The stated point of the competition is to recognize unsung heroes – but let me tell you, after last night, those heroes have been sung! As a building geek (and speaking for all the other building geeks in the room), it was heartwarming to hear the applause and cheers for all the people working their chillers off to reduce energy and water use in existing buildings. While the “sexy” focus is often on the construction of fancy new structures, in order to reduce the overall impact of our built environment we must also greatly improve our existing buildings.

And while all the hardworking people doing this will tell you they don’t care, I think the truth is that people are motivated by the recognition of their peers (and let’s face it – the chance to have a Broadway star sing to you, as Emily Padgett did). It also helps the recognition of the profession overall to have an Oscar-like production celebrating existing building efforts.

Finalists were from all walks of building management life, including owners, engineers (yes, there were many engineer jokes at the EBies), and in one case, the principal of Rosa Parks Elementary School (Lexington, KY), Leslie Thomas. Leslie stole the show when she described how her team involved the kids in her school in the process of creating energy retrofits – and the kids came up with great ideas, helping the team walk away with a Reformed Gas Guzzler EBie.

In the end, we’re all winners, since reducing energy and water use helps all of us. Ultimately, victory will be defined by all buildings performing like EBie winners. But for now, the green carpet, the Times Square marquee, the fancy drinks, the wild applause, and all the glitz surrounding the EBies should encourage folks to dream how they might be up on stage themselves next year.


The Making of an EBie

No Comments Posted on 27 June 2012 by Chris Anjesky

When the EBie Awards™ moved from conception to reality almost a year ago, we felt strongly that the program had to be exceptional on many fronts—the award criteria, the jury, and the winner’s trophy, to name a few.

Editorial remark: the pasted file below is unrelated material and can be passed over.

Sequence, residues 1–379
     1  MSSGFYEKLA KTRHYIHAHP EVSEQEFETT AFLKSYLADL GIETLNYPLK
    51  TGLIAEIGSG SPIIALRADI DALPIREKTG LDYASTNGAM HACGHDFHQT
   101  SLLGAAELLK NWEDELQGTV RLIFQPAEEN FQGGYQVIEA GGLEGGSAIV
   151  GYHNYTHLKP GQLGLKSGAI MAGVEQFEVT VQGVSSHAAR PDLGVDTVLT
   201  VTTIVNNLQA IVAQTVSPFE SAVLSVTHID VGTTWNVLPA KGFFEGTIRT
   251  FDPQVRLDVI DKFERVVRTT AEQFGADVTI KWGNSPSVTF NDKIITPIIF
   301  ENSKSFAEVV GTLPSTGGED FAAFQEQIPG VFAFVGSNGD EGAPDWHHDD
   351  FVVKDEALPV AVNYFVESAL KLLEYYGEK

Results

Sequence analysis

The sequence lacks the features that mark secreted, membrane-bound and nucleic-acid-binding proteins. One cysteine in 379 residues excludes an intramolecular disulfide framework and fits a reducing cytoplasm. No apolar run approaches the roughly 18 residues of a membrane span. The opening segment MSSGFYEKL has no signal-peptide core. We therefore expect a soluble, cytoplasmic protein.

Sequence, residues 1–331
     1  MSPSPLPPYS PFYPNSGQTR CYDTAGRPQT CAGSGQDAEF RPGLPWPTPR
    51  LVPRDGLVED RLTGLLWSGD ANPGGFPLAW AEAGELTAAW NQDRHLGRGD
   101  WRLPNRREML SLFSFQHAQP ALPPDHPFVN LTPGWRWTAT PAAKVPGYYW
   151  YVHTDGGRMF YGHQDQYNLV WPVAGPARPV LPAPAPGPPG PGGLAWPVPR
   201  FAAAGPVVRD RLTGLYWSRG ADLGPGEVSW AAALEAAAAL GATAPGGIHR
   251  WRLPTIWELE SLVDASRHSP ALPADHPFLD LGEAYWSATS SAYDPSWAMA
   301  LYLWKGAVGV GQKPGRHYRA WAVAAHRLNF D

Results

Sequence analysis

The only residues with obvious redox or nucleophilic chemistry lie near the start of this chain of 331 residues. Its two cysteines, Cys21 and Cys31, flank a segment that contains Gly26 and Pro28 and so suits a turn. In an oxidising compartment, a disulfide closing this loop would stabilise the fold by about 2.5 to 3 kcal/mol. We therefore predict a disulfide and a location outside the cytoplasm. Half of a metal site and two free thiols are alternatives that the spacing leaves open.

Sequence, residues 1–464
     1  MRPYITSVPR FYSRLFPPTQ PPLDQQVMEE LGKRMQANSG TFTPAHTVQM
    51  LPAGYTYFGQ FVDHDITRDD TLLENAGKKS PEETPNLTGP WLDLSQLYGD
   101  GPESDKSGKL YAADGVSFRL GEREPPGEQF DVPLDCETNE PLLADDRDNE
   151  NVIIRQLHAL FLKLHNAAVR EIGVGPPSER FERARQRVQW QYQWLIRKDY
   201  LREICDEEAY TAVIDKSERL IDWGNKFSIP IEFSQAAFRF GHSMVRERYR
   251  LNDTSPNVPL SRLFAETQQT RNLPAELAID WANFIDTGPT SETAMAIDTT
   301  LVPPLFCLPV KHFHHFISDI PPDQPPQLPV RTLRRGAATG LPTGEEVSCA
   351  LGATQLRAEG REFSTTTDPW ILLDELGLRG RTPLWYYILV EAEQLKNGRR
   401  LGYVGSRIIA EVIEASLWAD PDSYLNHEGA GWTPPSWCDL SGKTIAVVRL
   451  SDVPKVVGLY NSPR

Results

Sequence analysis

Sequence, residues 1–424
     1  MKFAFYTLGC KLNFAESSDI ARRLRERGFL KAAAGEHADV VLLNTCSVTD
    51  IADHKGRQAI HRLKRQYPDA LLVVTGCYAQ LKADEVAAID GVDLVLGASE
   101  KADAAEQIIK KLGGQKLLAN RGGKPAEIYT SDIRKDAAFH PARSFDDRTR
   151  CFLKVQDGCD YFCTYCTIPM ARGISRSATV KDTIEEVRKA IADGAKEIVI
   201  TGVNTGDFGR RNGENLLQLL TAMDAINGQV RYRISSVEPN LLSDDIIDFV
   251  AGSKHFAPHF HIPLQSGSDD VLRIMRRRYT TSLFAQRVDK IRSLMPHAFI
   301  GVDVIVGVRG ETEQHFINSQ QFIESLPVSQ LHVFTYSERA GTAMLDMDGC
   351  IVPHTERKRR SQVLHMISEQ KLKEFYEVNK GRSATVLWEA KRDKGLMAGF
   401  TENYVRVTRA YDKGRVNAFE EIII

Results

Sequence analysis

Retrofit projects aren’t necessarily glamorous, but they’re incredibly important and impactful. We needed an award with these same qualities—and a dash of sophistication.

We started from a good place, when Fiona Cousins of Arup fleshed out the EBie award categories and came up with a great name. Now we had to pull it all together with branding that was celebratory but still weighty.

We sought advice from some great design professionals, but chose Mark Pernice of Matic to do the EBie logo, website, and award. Said Mark:

“We wanted something beautiful in its simplicity, something familiar but progressive, of the earth but ethereal, organic in material but not in aesthetic. The cube represents many of this with significant meaning to the human psyche.

The award design is about how different people approach similar challenges with totally different solutions. The award cubes have the exact same shape and construction, but positioned differently they appear distinct from each other.

We looked to Bioresin for its affordability, soft smoky aesthetic, and unique material.  Each year we can change the color to create a series—furthering the message of sustainable design for years to come.”

Once we had a working design (see 3D rendering below), we had to some investigative work on the suggested material, Bioresin. We’d already ruled out glass due to its significantly higher cost for making a custom award.

Urban Green Board Member and SOM Technical Director Nick Holt ran it by SOM’s Specifications Team. The verdict?

“As an improvement to the resin family, Bioresin appears to be a very good step forward—reduced, though not eliminated toxicity, rapidly renewable, biodegradable–which is a story that has worth.”

Here at Urban Green, we often talk about how sustainability isn’t about holding out for the best solution, but demanding increasingly better ones. We think Bioresin fits the bill.

More important, we hope it inspires you to win an EBie.

EBies, GPRO, People

Thank You, Spring Interns!

No Comments Posted on 11 April 2012 by Erin Johnson

Urban Green Council relies on our interns to help coordinate our monthly educational programs and special events, assist with research and  fundraising, and work on developing our national certificate program GPRO. The Summer 2012 Internship season is upon us, and we wanted to take this opportunity to introduce you to our spring interns and thank them for their incredible work over the past several months.

[EBies Intern] A California native, studying Sustainability Management as a Graduate Student at Columbia University.
I loved working this semester as the EBies Intern for this new and exciting competition!  I learned a lot about how sustainability initiatives can be implemented into existing buildings in order to improve our global carbon footprint.  One of the greatest perks of being an intern is being able to go to all the events and presentations by some of NYCs most forward thinking revolutionaries in the sustainable building sphere.  When I graduate from Columbia in December, I hope to find a job as a Sustainability Consultant either here in NY, or back home in San Francisco.

[Research Intern] Recent graduate from Tufts University with a Bachelors of Science in Chemical Engineering.